Alejandra Louden: FDIC’s Financial Institution Examiner
Latino Leaders in High Tech
Share with us your background, education and initial career positions.
I am originally from Mexico City, Mexico. At nine years old, I moved to Pennsylvania for my parents to pursue a Ph.D. Growing up in an academic environment, I learned early on the importance of education and training. I graduated with a B.S. in International Business from Grove City College in Grove City, PA. I worked in banking, residential lending, and public policy in both in the private and public sector, focusing on minority homeownership as I progressed in my career. I decided to go back to school and obtained an MBA from the George Washington University in Washington D.C. in 2007.
When and why did you join the FDIC? What has the experience been like?
I began my career with the FDIC in 2009 in the heart of the great recession, shortly after graduation. While completing my MBA, I had the opportunity to be part of a fellowship pro-gram through a non-profit organization focusing on exposing Latino students to public policy and gaining hands-on experience. I was working in Freddie Mac’s government relations department at the time the organization was placed into receivership. Due to the regulatory restructure, I was advised to pursue an assignment at the FDIC that aligned with my interests. My experience at FDIC allowed me to get a taste of the Corporation’s mission, and motivated me to pursue a full time opportunity. I was attracted to the FDIC’s mission to pro-mote stability and public confidence while protecting consumers’ rights. In addition, given the financial crisis, the Agency’s challenge of supervising problem institutions and protecting consumers’ deposits was just beginning.
FDIC is a learning organization that focuses on providing extensive training and development opportunities to all employees regardless of tenure. Completing a comprehensive training program and earning my commission prepared me for a rewarding and challenging career. As a bank examiner, I have been a part of and lead teams, learning from others’ expertise along the way. As if bank examination was not dynamic enough, the FDIC also offers rotational programs to work in other divisions of the Corporation. Most recently, volunteering for a teaching ancillary duty led to an extended assignment as an instructor, training other examiners.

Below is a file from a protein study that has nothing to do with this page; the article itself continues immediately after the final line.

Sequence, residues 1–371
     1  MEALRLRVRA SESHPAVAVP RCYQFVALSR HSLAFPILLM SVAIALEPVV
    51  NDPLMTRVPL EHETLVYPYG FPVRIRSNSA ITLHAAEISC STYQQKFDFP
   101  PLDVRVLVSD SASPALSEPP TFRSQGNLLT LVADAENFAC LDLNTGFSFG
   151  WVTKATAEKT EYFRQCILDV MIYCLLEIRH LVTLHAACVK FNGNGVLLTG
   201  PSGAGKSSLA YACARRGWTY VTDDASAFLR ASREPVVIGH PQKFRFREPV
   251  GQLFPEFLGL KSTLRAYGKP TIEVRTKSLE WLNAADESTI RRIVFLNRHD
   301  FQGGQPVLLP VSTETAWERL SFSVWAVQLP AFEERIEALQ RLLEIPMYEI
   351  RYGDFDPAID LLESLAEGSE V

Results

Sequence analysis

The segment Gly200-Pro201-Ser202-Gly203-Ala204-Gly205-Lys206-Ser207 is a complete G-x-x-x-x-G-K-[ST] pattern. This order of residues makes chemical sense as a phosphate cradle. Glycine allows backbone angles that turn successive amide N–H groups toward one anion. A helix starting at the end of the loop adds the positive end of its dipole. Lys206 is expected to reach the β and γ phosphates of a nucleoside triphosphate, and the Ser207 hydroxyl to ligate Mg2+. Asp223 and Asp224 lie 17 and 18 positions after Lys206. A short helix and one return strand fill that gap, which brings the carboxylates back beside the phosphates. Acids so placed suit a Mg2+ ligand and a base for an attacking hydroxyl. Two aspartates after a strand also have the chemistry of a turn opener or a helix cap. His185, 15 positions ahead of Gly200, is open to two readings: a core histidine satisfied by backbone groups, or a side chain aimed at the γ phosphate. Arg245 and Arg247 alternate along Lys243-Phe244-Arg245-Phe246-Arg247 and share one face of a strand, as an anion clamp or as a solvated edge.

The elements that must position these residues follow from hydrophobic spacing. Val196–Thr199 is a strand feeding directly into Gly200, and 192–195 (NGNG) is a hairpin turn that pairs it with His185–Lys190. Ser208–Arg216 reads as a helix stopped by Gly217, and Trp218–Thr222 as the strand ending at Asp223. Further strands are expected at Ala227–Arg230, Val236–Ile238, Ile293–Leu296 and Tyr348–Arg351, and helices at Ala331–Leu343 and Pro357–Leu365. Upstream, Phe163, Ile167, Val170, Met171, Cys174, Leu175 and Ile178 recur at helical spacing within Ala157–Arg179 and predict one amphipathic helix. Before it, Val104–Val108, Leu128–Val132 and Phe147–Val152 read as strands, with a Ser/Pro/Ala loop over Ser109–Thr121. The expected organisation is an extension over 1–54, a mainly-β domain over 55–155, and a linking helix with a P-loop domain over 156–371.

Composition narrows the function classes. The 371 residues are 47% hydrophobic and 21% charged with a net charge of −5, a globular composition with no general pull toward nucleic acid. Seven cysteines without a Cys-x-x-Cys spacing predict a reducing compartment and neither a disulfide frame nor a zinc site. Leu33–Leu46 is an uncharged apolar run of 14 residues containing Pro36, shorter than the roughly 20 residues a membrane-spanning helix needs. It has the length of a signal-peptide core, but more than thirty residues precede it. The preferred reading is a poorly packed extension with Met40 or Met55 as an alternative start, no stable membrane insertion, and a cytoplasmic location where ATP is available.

What are your most important work and professional values?
Having a strong work ethic is always important to succeed, re-gardless of what one is working on. Embrace change and be adaptable. Be a team player by creating strong working relation-ships. Be accountable to yourself and others. Be motivated to continuously learn.
What is a typical day at the FDIC like, and what aspects of your profession do you enjoy the most?
A “typical” day at the FDIC is very different and our assignments change from month to month. The size and complexity of the institutions we supervise varies greatly and we must keep up with industry changes to adequately assess banking practices. As analysts who evaluate financial institutions, our day to day ranges from holding banker conferences, leading examination teams, training less experienced examiners, and meeting with executive officers and the Board of Directors to discuss examination findings. In addition to the challenging work, I enjoy the camaraderie of the people that we work with and relationships built. Working in teams lends itself to a supporting environment to complete the examinations.
What is the most important piece of advice that was passed on to you? And what is your advice to a future FDIC leader?
One important piece of advice once given to me is to not limit myself with complacency. Encourage and challenge yourself to pursue new roles or job opportunities that may take you out of your comfort zone. Always stretch yourself and continue to grow; reach out to others you admire and discuss their career path. Most importantly, find a mentor that will support you and give you sound advice and guidance.
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